There is a bittersweet side to what I do. Items which come to me are meant for someone else. Dealers are matchmakers, we pair objects to people, it is all a part of their story which goes on and on. We must trust that fate might be kind to the items which pass through us, and let them live a little longer. However much time I spend with them, burning the midnight oil to research and repair, I must finally let them go. Sometimes this is very hard to do, and very occasionally I realise that the person which the item is intended for is me. There are few dealers who do not have collections themselves, and most will have a story to tell of the thing that touched them most which they homed elsewhere. (Or those which got away altogether because we ignored our inner instinct and the tiny voice which called to us from the cardboard box, the back of the shelf or the bottom of the bag. But this is another story for some other day).

The pillbox, so like our Munchkin destined for elsewhere, still with us.

The best moments, which make the work worthwhile, are those in which an item you rescued from obscurity and made shiny again by repair or presentation has either been returned to those who first lost it or found a new loving home. Best of all are the 'coming home' stories.

The beloved family cat Moushkin, painted by Lady Marion Rootes and lost in a house sale. Until I found her.
Often things come to you when you need them most. I have found a few items which turned out to be worth a fair bit and thus allowed me to continue the pursuit. For me my job is not about money. Probably my favourite item of all is a small pastel of a pretty cat which I think found me because she wanted to go home. You can read her story Here:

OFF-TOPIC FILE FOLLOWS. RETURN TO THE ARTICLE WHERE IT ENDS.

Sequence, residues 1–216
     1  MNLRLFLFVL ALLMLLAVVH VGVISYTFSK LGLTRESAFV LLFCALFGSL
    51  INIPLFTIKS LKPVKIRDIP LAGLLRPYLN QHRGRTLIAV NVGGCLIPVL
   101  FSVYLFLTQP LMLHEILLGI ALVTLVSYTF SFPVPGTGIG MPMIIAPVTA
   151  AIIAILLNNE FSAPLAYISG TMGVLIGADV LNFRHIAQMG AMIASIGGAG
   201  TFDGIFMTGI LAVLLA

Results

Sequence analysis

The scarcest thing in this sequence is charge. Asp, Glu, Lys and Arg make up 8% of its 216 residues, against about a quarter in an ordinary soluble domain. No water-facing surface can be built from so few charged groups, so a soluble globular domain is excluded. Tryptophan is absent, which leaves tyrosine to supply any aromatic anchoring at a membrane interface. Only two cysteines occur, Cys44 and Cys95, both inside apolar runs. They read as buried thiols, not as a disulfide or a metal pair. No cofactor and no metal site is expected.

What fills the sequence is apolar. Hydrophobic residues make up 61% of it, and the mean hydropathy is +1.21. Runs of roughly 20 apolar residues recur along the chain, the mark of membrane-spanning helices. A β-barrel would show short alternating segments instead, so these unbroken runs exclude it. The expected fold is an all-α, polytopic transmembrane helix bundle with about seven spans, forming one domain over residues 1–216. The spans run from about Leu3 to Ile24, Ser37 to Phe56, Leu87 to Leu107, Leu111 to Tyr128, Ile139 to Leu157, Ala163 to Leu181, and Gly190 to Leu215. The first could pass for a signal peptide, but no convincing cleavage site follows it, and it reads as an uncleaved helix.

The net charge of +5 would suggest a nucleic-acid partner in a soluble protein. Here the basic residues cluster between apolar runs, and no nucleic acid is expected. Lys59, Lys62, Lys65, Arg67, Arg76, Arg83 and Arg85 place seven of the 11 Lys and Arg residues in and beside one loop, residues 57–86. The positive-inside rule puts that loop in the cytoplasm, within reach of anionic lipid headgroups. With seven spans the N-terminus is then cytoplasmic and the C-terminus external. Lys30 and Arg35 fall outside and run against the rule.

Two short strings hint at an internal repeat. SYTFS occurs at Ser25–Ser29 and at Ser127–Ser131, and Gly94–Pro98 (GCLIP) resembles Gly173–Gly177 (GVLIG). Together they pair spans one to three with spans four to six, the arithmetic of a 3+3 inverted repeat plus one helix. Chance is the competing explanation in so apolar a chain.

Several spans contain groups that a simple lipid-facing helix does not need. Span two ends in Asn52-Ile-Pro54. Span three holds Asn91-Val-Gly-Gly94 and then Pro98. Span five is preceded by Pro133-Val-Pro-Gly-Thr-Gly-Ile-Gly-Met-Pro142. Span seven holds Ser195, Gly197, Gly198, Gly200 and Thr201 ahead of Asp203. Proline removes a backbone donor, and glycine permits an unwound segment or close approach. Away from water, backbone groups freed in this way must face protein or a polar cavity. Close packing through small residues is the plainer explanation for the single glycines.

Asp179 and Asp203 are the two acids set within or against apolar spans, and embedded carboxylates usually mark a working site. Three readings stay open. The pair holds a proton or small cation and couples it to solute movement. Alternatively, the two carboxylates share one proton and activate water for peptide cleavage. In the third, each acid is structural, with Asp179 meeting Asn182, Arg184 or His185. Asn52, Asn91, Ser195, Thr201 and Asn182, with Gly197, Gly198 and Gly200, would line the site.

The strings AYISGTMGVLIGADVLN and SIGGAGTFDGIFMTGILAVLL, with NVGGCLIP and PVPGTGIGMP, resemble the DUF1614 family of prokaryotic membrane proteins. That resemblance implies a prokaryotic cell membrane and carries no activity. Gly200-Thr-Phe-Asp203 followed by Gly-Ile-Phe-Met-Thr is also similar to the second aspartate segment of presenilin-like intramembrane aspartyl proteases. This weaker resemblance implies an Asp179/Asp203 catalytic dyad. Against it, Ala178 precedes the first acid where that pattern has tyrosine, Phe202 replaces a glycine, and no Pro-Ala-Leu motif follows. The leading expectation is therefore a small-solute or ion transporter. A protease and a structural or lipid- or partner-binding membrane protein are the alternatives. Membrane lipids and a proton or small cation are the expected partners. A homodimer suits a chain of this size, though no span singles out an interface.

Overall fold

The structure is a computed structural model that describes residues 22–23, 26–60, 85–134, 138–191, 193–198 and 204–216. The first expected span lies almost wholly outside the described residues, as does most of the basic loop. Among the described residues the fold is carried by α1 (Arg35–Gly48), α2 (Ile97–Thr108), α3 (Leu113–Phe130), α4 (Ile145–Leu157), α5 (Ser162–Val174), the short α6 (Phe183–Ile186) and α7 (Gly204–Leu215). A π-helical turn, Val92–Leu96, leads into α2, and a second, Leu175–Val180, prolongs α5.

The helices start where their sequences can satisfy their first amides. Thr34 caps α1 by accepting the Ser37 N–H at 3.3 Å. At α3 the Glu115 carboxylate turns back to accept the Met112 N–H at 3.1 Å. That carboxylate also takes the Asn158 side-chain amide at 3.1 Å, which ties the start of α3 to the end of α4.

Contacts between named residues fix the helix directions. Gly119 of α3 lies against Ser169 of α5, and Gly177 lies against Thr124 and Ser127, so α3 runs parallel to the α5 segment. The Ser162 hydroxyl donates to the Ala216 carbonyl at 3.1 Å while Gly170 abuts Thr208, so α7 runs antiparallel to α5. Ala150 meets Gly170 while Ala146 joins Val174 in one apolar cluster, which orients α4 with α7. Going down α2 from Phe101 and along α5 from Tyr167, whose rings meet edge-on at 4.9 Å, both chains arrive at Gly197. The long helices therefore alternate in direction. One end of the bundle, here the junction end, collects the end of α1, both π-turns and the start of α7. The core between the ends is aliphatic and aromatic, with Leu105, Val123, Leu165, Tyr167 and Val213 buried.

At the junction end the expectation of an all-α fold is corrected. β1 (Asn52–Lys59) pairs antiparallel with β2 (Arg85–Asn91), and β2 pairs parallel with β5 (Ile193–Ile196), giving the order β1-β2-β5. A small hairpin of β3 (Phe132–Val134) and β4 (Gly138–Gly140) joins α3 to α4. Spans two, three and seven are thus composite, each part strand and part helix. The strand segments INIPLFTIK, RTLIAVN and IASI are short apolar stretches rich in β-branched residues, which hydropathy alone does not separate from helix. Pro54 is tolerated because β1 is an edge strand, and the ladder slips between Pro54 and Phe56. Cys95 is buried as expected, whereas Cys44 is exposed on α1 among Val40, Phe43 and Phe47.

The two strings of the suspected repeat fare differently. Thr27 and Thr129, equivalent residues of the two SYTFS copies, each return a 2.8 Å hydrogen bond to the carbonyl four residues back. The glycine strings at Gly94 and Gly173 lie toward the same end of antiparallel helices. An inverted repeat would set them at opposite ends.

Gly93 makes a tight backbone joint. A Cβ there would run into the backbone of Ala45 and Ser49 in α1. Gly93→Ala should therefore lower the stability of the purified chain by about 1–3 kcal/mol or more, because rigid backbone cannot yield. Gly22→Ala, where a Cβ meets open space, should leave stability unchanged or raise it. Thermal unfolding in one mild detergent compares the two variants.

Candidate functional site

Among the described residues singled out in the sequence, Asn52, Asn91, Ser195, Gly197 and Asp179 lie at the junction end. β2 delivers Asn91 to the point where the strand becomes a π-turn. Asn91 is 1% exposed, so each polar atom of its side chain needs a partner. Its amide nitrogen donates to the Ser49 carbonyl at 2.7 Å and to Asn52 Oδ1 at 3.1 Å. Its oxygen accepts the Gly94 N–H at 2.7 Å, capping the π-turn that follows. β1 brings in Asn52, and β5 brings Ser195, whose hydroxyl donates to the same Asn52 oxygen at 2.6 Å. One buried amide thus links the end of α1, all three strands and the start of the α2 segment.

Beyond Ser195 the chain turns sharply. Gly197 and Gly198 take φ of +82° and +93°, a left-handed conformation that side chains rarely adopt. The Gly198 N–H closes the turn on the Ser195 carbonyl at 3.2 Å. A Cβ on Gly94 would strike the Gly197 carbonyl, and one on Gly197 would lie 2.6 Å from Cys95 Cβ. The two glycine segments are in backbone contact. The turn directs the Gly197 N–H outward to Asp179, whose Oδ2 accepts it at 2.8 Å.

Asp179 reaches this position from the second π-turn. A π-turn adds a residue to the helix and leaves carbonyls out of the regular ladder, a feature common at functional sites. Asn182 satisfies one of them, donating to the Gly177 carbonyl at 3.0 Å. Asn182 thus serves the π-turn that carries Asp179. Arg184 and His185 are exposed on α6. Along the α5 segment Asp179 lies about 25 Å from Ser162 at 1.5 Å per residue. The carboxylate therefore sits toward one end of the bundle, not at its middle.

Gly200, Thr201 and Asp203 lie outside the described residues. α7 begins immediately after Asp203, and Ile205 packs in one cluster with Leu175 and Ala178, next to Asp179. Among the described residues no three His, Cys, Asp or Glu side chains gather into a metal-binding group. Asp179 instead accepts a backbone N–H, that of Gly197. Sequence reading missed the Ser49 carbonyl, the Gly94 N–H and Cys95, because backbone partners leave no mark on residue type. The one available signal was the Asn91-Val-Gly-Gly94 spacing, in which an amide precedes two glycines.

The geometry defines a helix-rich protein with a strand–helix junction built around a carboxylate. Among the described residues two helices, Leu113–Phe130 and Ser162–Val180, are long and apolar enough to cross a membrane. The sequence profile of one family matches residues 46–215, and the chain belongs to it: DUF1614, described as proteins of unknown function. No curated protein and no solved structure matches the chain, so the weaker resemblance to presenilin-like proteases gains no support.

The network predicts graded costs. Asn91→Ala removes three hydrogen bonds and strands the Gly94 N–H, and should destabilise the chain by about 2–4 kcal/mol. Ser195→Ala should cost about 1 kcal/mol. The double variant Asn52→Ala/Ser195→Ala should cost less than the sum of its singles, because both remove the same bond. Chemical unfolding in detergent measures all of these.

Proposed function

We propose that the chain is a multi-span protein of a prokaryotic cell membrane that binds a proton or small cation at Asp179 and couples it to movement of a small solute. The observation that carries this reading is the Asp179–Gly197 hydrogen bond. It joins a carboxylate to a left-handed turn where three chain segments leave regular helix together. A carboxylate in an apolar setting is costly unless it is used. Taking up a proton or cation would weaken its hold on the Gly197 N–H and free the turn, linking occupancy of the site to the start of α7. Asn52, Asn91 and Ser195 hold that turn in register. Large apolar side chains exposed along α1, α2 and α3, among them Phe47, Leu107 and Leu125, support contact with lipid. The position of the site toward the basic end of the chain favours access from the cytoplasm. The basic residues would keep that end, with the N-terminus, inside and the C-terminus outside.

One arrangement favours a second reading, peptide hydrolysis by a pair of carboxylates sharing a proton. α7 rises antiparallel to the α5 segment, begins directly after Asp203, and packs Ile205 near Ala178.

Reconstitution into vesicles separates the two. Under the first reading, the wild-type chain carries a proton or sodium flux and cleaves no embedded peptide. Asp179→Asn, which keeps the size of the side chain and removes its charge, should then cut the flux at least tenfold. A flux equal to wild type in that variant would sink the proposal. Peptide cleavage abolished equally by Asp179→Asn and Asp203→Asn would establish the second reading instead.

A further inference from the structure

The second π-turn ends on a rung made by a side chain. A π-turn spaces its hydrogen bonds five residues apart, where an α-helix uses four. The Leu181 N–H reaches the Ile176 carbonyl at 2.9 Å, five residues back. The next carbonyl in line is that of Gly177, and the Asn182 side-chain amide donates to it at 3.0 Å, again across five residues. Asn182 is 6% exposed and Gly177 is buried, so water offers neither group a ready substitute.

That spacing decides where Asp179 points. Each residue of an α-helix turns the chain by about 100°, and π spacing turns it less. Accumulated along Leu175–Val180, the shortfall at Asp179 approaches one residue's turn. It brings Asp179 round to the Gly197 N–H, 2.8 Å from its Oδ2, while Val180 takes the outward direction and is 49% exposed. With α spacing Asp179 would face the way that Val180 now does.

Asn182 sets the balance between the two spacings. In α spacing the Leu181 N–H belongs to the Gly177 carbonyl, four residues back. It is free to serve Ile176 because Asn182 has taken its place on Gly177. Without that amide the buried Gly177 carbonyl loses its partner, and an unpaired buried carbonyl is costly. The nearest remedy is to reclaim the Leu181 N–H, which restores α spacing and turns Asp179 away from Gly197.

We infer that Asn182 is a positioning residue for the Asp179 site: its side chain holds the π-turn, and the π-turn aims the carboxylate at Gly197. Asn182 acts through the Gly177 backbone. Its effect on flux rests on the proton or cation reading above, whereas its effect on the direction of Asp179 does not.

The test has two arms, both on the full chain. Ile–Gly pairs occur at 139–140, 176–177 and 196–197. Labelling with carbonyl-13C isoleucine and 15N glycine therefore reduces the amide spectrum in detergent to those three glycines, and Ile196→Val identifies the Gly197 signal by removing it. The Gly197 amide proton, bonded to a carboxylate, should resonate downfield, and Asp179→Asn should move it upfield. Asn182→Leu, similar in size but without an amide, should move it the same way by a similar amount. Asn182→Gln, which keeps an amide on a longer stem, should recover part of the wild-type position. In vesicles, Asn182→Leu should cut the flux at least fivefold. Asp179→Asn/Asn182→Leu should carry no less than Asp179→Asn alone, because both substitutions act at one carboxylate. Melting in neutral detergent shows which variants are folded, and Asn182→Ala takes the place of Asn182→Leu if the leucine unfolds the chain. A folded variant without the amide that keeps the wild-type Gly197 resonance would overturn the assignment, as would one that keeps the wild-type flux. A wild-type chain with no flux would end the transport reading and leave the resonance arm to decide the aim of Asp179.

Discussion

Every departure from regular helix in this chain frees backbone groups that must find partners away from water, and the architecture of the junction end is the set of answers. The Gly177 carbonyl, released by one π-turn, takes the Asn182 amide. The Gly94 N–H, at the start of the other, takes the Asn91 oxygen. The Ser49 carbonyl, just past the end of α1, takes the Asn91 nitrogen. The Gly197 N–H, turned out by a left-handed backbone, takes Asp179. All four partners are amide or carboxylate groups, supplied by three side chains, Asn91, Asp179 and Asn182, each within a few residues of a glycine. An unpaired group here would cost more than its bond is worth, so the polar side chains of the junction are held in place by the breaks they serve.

'Once you are real you can't become unreal again. It lasts for always.'
― Margery Williams, The Velveteen Rabbit

One of my favourite television productions is 'Shooting the Past' by Stephen Poliakoff, produced by TalkBack Productions for BBC Two and first shown in 1999. It captured the way that I feel about the past and how it can change our lives today in unexpected and incredibly surprising ways.

From Wikipedia "Shooting the Past delves into a world quite separate from modern life, and demonstrates that the preservation of the past, in order to tell the extraordinary stories of the lives of ordinary people, can be astonishingly powerful and revealing."

Wikipedia Page for Shooting The Past

Mrs Black the shoppe keeping cat

Collections sometimes just happen, I'm not certain they can really be planned. Things come to you when they are supposed to. I've always had a collection of cats, they find us and I rehome them, or as is the way of cats, they remain here with me. We named our business after Mrs Black our brave, loyal and loving feral cat.

You can read her story here:  Mrs Black


  1. It has been a joy to read the story of your life! It is a tale of courage!
    Celeste xx

  2. Celeste, Thank you so much for your kind words, they mean a lot to me. x

  3. LeeAnn,
    I enjoyed reading this so very much! I had no idea that you had a blog but what a wonderful one, indeed!! Your story here was fascinating and I learned even more about you!! I am thrilled to have found your site! :)
    Sharon xxx

    1. Sharon, Thank you! Lovely to see you here. x

  4. Thank you for sharing this LeeAnn, I enjoyed reading about your past very much. Just wondering about the location of the old wooden door you attached.
    Much love, Paul xx

    1. Hey Paul, Thank you for taking the time to come here, read and to comment! It is rare that I get friends here, and especially men. The door is from Wells Cathedral, it is so beautiful isn't it?

  5. Hi LeeAnn. I just found your blog after seeing your comment on Philip Wilkinson's English Buildings blog. I'm so chuffed that I did as I find it really inspiring and have spent a happy Christmas Eve morning reading it...instead of doing the huge amount of jobs that I'd intended to!

    Hope you have a really fab Christmas,
    Eileen Wright. :)

    1. Eileen, Thank you for visiting here, and what a kind thing to say! I hope that you also had a nice Christmas.

      I love reading Philip Wilkinson's blog, very happy that you located me from there.

  6. Dear Lee Ann,you sound like a woman after my own heart. Oh for the 60s and 70s! I share so much with you re the past.This was a lovely blog and site to discover,I hope to visit your shop one day! Thank you x

  7. Dear Antonia, Thank you so much for visiting and for the kind comments. I have followed you on google+, let me know if you are going to visit the shop. best regards x